That Sanity of Ours

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IT WAS THE dead of the night when Violet was pulled awake from her sleep from the sound of knocking. Someone on the other side banged against the surface incessantly, refusing to let up and allow Violet even a second’s worth of quiet.

In the beginning, Violet assumed that she had been imagining it all. After all, the nights in Steinfield Asylum were anything but silent. Sometimes, the hallways would be scream-ridden, its floors soaking all the horrors and echoes before relaying them throughout the rest of the building. However, this time, the sound hit a little too close to her ears. It seemed as though it was her door that parted her from an unwanted and unknown visitor, not someone else’s.

“I know you’re awake,” the voice said from the other side, his velvety voice slightly muffled.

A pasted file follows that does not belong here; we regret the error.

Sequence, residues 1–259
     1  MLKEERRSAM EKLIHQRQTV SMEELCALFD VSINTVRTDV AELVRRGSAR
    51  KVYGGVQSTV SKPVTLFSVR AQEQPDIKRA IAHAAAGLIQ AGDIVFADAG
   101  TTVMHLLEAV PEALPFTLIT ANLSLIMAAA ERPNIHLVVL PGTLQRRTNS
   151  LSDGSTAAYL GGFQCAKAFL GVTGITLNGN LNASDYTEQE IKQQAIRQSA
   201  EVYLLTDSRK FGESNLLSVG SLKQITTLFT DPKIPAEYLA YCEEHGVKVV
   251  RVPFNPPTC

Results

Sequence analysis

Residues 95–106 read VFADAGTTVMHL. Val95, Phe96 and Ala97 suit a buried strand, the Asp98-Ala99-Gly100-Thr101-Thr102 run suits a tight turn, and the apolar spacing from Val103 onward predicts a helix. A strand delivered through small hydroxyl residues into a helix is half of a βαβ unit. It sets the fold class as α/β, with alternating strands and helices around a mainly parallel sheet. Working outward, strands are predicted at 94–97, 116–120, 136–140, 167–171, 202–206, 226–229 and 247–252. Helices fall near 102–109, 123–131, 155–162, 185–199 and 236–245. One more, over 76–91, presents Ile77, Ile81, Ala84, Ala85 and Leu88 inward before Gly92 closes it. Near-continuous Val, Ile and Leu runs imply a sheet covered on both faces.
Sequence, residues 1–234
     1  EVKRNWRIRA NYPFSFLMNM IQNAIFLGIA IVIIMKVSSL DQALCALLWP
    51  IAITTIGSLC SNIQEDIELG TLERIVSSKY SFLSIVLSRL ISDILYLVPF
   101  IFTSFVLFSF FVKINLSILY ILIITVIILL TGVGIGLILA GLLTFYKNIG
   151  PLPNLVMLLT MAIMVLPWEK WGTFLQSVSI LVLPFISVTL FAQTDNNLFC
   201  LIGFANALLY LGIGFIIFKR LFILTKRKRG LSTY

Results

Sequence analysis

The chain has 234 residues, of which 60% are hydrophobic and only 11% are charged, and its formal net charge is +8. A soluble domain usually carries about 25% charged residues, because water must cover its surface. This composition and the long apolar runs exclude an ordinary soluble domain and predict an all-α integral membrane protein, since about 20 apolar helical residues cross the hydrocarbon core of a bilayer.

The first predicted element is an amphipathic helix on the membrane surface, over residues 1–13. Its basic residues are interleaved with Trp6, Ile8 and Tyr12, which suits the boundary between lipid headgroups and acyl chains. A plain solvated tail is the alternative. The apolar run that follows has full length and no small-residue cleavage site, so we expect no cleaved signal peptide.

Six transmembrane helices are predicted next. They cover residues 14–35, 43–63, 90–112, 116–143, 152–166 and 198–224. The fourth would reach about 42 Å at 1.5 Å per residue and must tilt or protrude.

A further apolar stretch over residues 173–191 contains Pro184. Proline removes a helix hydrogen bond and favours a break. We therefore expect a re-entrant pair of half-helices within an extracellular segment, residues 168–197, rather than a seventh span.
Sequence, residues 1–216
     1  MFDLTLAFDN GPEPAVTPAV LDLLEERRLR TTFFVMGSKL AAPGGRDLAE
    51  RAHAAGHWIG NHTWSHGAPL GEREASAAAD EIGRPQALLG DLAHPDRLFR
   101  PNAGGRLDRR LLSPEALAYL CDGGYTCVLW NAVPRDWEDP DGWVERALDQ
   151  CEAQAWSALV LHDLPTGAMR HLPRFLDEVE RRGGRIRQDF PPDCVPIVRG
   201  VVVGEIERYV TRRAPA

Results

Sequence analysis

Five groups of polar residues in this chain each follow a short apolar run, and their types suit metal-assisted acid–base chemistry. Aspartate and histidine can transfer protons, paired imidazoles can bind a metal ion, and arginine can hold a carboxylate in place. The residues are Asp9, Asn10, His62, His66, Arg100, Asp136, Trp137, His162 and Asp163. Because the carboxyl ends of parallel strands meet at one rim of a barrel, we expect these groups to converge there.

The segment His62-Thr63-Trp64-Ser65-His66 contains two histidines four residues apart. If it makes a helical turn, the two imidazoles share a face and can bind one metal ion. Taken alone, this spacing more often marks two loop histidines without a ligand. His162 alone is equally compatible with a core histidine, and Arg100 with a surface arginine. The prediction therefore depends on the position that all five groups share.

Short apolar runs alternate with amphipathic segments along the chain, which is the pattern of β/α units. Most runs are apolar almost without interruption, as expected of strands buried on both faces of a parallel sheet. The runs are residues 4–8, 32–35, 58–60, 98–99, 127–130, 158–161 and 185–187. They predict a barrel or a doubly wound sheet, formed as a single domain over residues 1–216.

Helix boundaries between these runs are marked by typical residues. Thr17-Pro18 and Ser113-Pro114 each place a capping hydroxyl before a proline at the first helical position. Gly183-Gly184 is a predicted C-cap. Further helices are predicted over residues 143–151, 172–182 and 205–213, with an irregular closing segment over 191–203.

At his words, Violet’s eyes shot open. She eyed the door, narrowing them into slits with a frown. Holding her breath, she was careful not to make a sound. A part of her was curious to know how far the person on the other side of the door would go to get her to open up the door. If she had played dead, would he kick the door down? Or would he leave in fear of the guards catching him on their patrol route?

“You’re not fooling anyone,” the voice continued in a sing-song tune. “Open the door.”

With that, Violet jerked awake. She sat up, pulling the poor excuse of a blanket up her chest a little more even though she wasn’t even feeling cold. It was more for a false sense of safety. Slowly, she shuffled her way towards the door before fiddling with the peephole. Looking through, she was met with a pair of green eyes staring right back at her, glowing like a cat’s.

“Finally,” the person heaved, exasperated. He took a step back, allowing Violet to take a closer look at his features. “Is it that hard to open a door?”